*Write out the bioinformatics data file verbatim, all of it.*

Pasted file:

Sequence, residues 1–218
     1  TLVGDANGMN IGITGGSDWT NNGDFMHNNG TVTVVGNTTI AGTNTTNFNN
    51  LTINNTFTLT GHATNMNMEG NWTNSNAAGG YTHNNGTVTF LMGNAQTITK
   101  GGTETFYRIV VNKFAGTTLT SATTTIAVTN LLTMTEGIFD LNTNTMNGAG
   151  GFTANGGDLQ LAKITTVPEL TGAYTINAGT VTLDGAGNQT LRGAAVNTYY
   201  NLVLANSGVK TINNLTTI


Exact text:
Sequence, residues 1–218
     1  TLVGDANGMN IGITGGSDWT NNGDFMHNNG TVTVVGNTTI AGTNTTNFNN
    51  LTINNTFTLT GHATNMNMEG NWTNSNAAGG YTHNNGTVTF LMGNAQTITK
   101  GGTETFYRIV VNKFAGTTLT SATTTIAVTN LLTMTEGIFD LNTNTMNGAG
   151  GFTANGGDLQ LAKITTVPEL TGAYTINAGT VTLDGAGNQT LRGAAVNTYY
   201  NLVLANSGVK TINNLTTI